Showing posts from January, 2022

Monthly Summary; January 2022

As it's the last day of January, I thought it was time to write a summary of this month in regards of books I've read. This month, my reading has been a bit eclectic, with both crime fiction and poetry thrown into the mix, but at least it's been several good reads. Anyway, here's my list of books I've read this month. Lillemann ildebrann by Merete Junker (Norwegian crime fiction) The Weary Blues by Langston Hughes (black poetry) Selected Poems by Gwendolyn Brooks (black poetry) I, Tituba, Black Witch of Salem by Maryse Condé (author from Guadeloupe - book is historical fiction) Kim Jiyoung, Born 1982 by Cho Nam-Joo (South-Korean author) Hunger on the Chrisholm Trail by M. Ennenbach (splatter western) Opium and Absinthe by Lydia Kang (historical fiction) Whipping Girl: A Transsexual Woman on Sexism and the Scapegoating of Femininity by Julia Serano (non-fiction)

Omtale; Der fem veier møtes av Mario Vargas Llosa

For en stund siden leste jeg romanen Der fem veier møtes av Mario Vargas Llosa, noe som gjorde at jeg til slutt kunne krysse av Peru i forbindelse med Land i verden-prosjektet mitt. I dag kommer omtalen av boka. Beskrivelse fra forlaget Nobelprisvinner i litteratur, Mario Vargas Llosa, balanserer knivskarp samfunnskritikk med et erotisk tilsnitt slik få andre kan. Der fem veier møtes er en mørk, sensuell politisk roman som utspiller seg i området Sinco Esquinas i Lima på 90-tallet, den gang Peru ble styrt av den kontroversielle presidenten Alberto Fujimori. Sentralt i boken står Ronaldo Garro, ansvarlig redaktør for sladremagasinet Destapes. Sensasjonsjournalistikk og karakterdrap er ikke bare hans levebrød, men også et mektig middel som han bruker for alt det er verdt. Og han har nok av stoff å skrive om. For innbyggerne i Lima bruker erotiske eventyr som en måte å unnslippe den dystre hverdagen på, med fare for uforvarende å havne på forsiden av sladderpressen. Men når Garro t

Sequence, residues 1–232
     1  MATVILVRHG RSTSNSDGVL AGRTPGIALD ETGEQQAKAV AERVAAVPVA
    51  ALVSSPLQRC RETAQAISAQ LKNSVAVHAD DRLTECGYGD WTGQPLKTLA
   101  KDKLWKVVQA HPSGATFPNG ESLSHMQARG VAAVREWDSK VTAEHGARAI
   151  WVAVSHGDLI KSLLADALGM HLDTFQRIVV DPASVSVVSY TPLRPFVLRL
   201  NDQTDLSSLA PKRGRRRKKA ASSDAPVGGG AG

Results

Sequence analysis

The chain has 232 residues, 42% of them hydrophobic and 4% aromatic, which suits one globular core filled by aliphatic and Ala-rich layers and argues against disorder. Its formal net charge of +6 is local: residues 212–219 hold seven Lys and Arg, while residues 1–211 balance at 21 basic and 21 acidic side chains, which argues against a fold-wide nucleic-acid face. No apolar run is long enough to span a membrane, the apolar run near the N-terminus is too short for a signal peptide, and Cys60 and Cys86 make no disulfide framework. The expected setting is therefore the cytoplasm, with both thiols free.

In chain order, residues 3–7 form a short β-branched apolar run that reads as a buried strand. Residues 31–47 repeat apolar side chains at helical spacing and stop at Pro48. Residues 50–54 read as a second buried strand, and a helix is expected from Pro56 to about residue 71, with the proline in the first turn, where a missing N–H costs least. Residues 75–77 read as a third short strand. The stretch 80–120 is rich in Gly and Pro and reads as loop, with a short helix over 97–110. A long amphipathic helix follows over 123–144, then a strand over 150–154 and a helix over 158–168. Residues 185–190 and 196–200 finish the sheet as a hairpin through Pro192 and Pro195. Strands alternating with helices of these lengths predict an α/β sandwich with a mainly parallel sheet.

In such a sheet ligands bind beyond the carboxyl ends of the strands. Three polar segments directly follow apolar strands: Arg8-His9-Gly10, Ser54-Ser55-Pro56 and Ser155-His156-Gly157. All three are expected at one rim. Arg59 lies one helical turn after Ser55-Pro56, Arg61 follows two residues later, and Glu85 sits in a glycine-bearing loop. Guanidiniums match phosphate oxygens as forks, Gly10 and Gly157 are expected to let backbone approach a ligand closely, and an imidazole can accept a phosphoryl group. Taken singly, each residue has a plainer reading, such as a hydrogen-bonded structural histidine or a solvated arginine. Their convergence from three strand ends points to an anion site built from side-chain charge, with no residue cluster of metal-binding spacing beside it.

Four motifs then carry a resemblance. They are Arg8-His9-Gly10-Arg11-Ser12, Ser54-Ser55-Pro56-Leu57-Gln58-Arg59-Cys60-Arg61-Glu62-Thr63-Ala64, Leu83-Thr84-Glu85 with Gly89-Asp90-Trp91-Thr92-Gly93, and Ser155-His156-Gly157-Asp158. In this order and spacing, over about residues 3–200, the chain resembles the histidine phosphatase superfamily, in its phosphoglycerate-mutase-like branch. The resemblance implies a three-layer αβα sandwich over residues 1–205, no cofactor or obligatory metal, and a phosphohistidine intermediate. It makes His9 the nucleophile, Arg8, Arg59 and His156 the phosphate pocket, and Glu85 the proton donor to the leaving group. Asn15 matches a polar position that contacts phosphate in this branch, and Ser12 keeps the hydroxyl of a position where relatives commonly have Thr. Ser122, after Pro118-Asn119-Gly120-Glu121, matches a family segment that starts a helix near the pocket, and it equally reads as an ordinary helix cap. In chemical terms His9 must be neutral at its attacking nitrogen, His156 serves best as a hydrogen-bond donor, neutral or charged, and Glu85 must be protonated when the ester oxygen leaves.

Review; The Hill We Climb by Amanda Gorman

As she got famous for her poetry last year, I dedcided reading the poem The Hill We Climb by Amanda Gorman in book form and today I'll post my review. Description from Goodreads Amanda Gorman's powerful and historic poem "The Hill We Climb," read at President Joe Biden's inauguration, is now available as a collectible gift edition. On 20 January 2021, Amanda Gorman became the sixth and youngest poet to deliver a poetry reading at a presidential inauguration. Taking the stage after the 46th president of the United States, Joe Biden, Gorman captivated the nation and brought hope to viewers around the globe. Her poem "The Hill We Climb" can now be cherished in this special gift edition. Including an enduring foreword by Oprah Winfrey, this keepsake celebrates our promise and affirms the power of poetry. My Thoughts on the Poem Even if The Hill We Climb may have a few clichés in it, it's still powerful and being rhythmic without a strict metre. It also

Review; Bayou Magic by Jewell Parker Rhodes

A while ago I read the middle grade novel Bayou Magic by Jewell Parker Rhodes and today I'll post my review. Description from Goodreads A magical coming-of-age story from Coretta Scott King honor author Jewell Parker Rhodes, rich with Southern folklore, friendship, family, fireflies and mermaids, plus an environmental twist. It's city-girl Maddy's first summer in the bayou, and she just falls in love with her new surroundings - the glimmering fireflies, the glorious landscape, and something else, deep within the water, that only she can see. Could it be a mermaid? As her grandmother shares wisdom about sayings and signs, Maddy realizes she may be the only sibling to carry on her family's magical legacy. And when a disastrous oil leak threatens the bayou, she knows she may also be the only one who can help. Does she have what it takes to be a hero? Jewell Parker Rhodes weaves a rich tale celebrating the magic within. My Thoughts on the Book I really enjoyed Bayou Magic.